By the summer of 1922, for instance, you needed 100 of Germany’s paper Marks to buy one gold coin Mark, against which they were supposed to be equal. Yet the German Chancellor “would [still] accept no connection between the printing of money and its depreciation,” notes Adam Ferguson in When Money Dies (London, 1975)… even  as the Weimar Republic’s hyperinflation pushed Berlin food prices well over 50% higher inside one month.

Indeed, “the opinion that the flood of paper is the real origin of the depreciation [in its purchasing power] is not only wrong but dangerously wrong,” said the Vossische Zeitung newspaper. So by the time the worthless currency was abandoned 14 months later, it took one trillion paper Marks to buy one golden equivalent, and German banks “turned the Marks over to junk dealers by the ton” for recycling as scrap paper.

Who could’ve guessed?
Now, fast forward almost a century. Today the value of money (like its price versus gold) is at issue once more, and missing the big trend – inflation or deflation, commodities boom or depression – is a big worry for anyone serious about defending their savings. Over the last decade, gold prices have scarcely looked back in their rise from $252 to $1313 per ounce today. US equities, in contrast, have gone precisely nowhere, while commodities have certainly rallied, but hard assets (outside gold and silver) remain off their pre-Lehman tops of 2008. Treasuries and cash-in-the-bank can barely keep up with inflation, meantime, despite the official “core” US measure slipping below 1% per year. Housing looks like the “double-dip recession” cast in concrete.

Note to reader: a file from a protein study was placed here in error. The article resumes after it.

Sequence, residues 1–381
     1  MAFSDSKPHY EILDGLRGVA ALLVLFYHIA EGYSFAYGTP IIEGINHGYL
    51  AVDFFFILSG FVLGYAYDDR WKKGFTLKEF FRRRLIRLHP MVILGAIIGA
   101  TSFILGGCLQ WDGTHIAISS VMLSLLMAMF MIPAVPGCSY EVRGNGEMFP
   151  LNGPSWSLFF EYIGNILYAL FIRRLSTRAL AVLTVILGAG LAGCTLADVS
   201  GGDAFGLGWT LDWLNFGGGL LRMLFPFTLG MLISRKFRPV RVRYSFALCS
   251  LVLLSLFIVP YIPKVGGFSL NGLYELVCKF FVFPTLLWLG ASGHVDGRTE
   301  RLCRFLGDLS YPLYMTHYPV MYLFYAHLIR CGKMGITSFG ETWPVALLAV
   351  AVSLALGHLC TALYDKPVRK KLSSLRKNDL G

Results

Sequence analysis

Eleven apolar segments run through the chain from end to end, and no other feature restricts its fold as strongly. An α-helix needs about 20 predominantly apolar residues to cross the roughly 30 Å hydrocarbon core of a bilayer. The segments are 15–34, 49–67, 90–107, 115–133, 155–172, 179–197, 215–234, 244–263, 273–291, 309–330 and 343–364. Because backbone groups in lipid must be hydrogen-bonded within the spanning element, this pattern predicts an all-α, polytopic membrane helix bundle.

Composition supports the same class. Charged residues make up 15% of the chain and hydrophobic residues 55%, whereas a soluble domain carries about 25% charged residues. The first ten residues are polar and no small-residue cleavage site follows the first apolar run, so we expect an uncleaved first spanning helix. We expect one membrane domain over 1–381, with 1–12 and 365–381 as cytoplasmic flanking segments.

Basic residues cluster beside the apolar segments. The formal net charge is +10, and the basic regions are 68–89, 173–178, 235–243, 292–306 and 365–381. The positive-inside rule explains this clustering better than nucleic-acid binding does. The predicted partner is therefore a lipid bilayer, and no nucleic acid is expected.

Edging above $1300 this week, therefore, it’s little wonder that “Gold: Bubble or boom?” was the big theme (both on-stage and off) at this year’s London Bullion Market Association conference, held in Berlin. Besides dealing silver and the platinum-group metals, the LBMA’s membership is the world’s wholesale gold market – the refiners, assayers, vault operators, dealers, financiers and analysts who help move the metal from mine-head to retail production, whether jewelry manufacturers, dental suppliers, chip fabricators or gold coin mints. Very much centered in London (where the Association’s biggest bullion-bank members settle some $20 billion of gold trading between themselves each day), this odd little corner of the financial market well remembers the time before today’s current rally… a miserable two-decade run of falling gold prices, falling demand, and falling returns for the market’s suppliers. And no one wants to be late in seeing that the wind’s changed direction.